Video: Milk and Water Kefir Grains

Video: Milk and Water Kefir Grains post image

When we think of bacteria, we think of something too small for the eye to see. Microscopic. But due to the active social life amongst bacteria, they are visible to the naked eye when they group together in colonies. I don’t know how the term “grains” came to be, but don’t let it mislead you. Kefir has nothing to do with grains at all. The “grains” are actually communities of bacteria and yeast living peacefully together. When we consume food or beverages made with these beneficial communities they become part of the “soil” that protects the mucous membrane lining our intestines. What is actually in this soil?

Some people call the grains a SCOBY or Symbiotic Culture of Bacteria and Yeast. Both water and milk kefir have a large variety of microbial strains in their colonies.

Water kefir grains originated in Mexico and may have some of the following species of bacteria and yeast. I say “may” because grains can vary with regard to the exact composition of all the different species.

Water Kefir Bacteria

Species Lactobacillus
L. acidophilus, L. alactosus, L. brevis, L. bulgaricus, L. casei subsp. casei, L. casei subsp. pseudoplantarum, L. casei subsp. rhamnosus, L. casei subsp. tolerans,     L. coryneformis subsp. torquens, L. fructosus, L. hilgardii, L. homohiochi, L. plantarum, L. psuedoplantarum, L. reuterietc, L. yamanashiensis.

Species Streptococcus
S. agalactiae, Sr. bovis, S. cremeris, S. faecalis, S. lactis, S. mutans, S. pneumoniae, S. pyogenes, S. salivarius, S. sanguinis, S. suis, S. viridans

Species Pediococcus
P. damnosus

Species Leuconostoc
L. mesenteroides

Species Bacillus

B. graveolus, B. subtilis

Water Kefir Yeast

Species Saccharomyces
S. bayanus, S. boullardii, S. cerevisiae, S. florentinus, S. pretoriensis, S. uvarum

Species Kloeckera
K. apiculata

Species Hansenula
H. yalbensis

Species Candida
C. gueretana, C. lamica, C. valida

Species Torulopsis
T. insc

There are many strains of bacteria and yeast in water kefir colonies.

Milk kefir grains originated in the Caucasus region of mountains, between the Black Sea and the Caspian Sea. Shepherds in the region noticed that milk which was stored in leather pouches would ferment, creating a bubbling drink that was highly revered for it’s healing properties. Let’s take a look at what makes up milk kefir cultures:

Milk Kefir Bacteria

Species Lactobacillus
Lb. acidophilus, Lb. brevis [Possibly now Lb. kefiri], Lb. casei subsp. casei, Lb. casei subsp. rhamnosus, Lb. paracasei subsp. paracasei, Lb. fermentum, Lb.cellobiosus, Lb. delbrueckii subsp. bulgaricus, Lb. delbrueckii subsp. lactis, Lb. fructivorans, Lb. helveticus subsp. lactis, Lb. hilgardii, Lb. helveticus
Lb. kefiri, Lb. kefiranofaciens subsp. kefirgranum, Lb. kefiranofaciens subsp. kefiranofaciens, Lb. parakefiri, Lb. plantarum

Species Streptococcus
St. thermophilus, St. paracitrovorus

Species Lactococcus
Lc. lactis subsp. lactis, Lc. lactis subsp. lactis biovar. diacetylactis, Lc. lactis subsp. cremoris

Species Enterococcus
Ent. durans

Species Leuconostoc
Leuc. mesenteroides subsp. cremoris, Leuc. mesenteroides subsp. mesenteroides, Leuc. dextranicum

Milk Kefir Yeasts

Dekkera anomala / Brettanomyces anomalus , Kluyveromyces marxianus / Candida kefyr , Pichia fermentans / C. firmetaria, Yarrowia lipolytica / C.lipolytica, Debaryomyces hansenii / C. famata, Deb. [Schwanniomyces] occidentalis, Issatchenkia orientalis / C. krusei, Galactomyces geotrichum / Geotrichum candidum, C. friedrichii, C. rancens, C. tenuis, C. humilis, C. inconspicua, C. maris, Cryptococcus humicolus, Kluyveromyces lactis var. lactis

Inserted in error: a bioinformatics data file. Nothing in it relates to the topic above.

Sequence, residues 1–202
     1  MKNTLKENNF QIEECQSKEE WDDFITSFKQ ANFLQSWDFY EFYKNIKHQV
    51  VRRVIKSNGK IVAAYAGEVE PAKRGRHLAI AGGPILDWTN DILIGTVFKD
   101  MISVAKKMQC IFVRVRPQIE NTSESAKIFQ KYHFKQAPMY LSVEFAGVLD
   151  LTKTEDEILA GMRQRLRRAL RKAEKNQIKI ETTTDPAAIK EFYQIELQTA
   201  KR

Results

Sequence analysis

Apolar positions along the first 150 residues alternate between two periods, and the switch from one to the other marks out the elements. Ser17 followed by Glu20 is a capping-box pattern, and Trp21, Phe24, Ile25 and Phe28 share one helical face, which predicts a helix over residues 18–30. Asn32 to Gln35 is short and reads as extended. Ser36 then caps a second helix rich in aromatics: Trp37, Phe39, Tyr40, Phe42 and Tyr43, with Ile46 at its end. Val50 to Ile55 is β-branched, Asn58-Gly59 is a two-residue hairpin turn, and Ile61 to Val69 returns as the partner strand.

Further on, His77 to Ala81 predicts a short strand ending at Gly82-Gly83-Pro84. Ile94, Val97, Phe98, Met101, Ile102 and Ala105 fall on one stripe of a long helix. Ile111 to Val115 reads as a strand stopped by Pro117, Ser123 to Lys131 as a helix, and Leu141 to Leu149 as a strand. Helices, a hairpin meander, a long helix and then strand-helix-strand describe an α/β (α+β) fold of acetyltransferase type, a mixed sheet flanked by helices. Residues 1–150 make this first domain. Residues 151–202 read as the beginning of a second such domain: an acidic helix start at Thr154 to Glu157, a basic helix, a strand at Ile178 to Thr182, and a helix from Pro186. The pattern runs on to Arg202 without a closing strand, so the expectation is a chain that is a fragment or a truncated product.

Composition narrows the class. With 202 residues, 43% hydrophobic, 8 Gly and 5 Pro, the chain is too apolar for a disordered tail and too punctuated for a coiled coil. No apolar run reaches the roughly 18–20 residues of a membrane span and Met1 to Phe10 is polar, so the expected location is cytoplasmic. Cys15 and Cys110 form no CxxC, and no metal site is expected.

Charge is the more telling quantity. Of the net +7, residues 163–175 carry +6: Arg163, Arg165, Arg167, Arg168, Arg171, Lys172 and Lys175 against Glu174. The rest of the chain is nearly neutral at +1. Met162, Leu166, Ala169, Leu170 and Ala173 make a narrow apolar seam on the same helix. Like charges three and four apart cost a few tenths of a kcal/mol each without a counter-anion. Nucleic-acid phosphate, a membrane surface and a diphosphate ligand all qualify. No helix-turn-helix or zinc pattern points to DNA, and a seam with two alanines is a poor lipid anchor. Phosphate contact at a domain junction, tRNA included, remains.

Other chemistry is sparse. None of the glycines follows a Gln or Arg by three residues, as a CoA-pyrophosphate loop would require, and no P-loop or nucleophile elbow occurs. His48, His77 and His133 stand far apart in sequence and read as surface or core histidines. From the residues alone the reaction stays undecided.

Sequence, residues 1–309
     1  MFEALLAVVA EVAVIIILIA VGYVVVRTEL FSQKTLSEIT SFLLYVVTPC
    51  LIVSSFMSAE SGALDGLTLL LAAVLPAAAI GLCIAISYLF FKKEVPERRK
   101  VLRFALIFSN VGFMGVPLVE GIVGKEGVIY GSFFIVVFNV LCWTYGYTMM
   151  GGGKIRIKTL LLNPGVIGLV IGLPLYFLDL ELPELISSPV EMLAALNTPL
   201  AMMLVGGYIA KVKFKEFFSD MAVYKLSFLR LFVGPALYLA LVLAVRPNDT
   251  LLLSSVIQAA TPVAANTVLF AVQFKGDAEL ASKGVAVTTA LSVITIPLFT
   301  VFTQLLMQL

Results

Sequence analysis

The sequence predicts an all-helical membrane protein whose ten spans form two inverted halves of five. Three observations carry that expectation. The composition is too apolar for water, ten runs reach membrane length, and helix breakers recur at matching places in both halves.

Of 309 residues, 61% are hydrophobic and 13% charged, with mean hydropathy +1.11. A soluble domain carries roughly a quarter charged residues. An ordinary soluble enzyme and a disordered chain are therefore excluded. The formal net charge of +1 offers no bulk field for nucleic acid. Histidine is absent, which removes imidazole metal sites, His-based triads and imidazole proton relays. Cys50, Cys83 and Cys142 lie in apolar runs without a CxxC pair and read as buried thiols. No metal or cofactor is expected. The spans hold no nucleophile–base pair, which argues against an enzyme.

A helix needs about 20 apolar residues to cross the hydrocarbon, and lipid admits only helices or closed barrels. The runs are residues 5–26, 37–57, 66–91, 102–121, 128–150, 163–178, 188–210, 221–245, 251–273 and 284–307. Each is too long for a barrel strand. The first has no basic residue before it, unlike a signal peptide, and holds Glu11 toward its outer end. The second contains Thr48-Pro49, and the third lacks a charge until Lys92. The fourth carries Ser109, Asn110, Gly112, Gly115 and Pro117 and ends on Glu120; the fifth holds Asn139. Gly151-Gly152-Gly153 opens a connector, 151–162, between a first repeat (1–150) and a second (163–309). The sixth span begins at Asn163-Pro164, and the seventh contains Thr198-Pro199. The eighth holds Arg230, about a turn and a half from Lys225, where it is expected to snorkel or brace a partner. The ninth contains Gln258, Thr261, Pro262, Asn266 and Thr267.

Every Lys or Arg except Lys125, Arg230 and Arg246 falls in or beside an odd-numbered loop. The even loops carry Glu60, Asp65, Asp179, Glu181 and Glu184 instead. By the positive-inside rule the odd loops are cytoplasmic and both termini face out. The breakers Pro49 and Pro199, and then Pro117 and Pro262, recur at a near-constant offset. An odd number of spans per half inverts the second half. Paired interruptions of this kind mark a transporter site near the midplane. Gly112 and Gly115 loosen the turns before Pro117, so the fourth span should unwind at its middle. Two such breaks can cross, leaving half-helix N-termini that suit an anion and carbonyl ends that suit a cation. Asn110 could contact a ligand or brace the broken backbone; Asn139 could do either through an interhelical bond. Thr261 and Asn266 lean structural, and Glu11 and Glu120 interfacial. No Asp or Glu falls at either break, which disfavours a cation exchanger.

Kluyv. bulgaricus, Kluyv. lodderae, Saccharomyces cerevisiae, Sacc. subsp. torulopsis holmii, Sacc. pastorianus, Sacc. humaticus, Sacc. unisporus
Sacc. exiguus, Sacc. turicensis sp. nov, Torulaspora delbrueckii, Zygosaccharomyces rouxii

Acetobacter aceti, Acetobacter rasens

As you can see, milk kefir cultures actually have a greater variety of strains compared to water kefir grains. It is really beneficial to drink milk kefir, especially if it is made from raw milk. However, if you are dairy-free, the water kefir is a great substitute. As you heal, at a later time, you may be able to tolerate the milk kefir.

There are people who find that they can tolerate a kefired milk much better than plain milk. In a kefired milk, all the lactose is eaten by the microbial colonies and so it is virtually sugar-free.

In a water kefir, there will always be a little sugar left — unless you let it go to vinegar and then it wouldn’t be very palatable — but that sugar is usually not a problem. The benefits of all the flora, far outweighs the effects of a drop of sugar. So, people on SCD or GAPS can, and should, start making and drinking water kefir.

If you are following the SCD or GAPS diets, the first water kefir should be coconut water kefir as the coconut water has many beneficial properties. Kefired, it becomes a superfood with many healing capabilities. Here is my video/recipe for making coconut water kefir, something I drink every day.

Source : Milk Kefir, Water Kefir

This post is shared at: Sunday School, Seasonal Celebration, Sugar-Free Sunday, My Meatless Monday, Real Food 101, Barnyard Hop, Monday Mania, Melt in Mouth Monday, Mouthwatering Monday, Meatless monday, Slightly Indulgent Tuesday, Hearth & Soul Hop, Real Food Wednesday

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  • April @ The 21st Century Housewife February 13, 2012, 11:57 am

    I found this post so informative and interesting! Thank you for sharing it with the Hearth and Soul hop.

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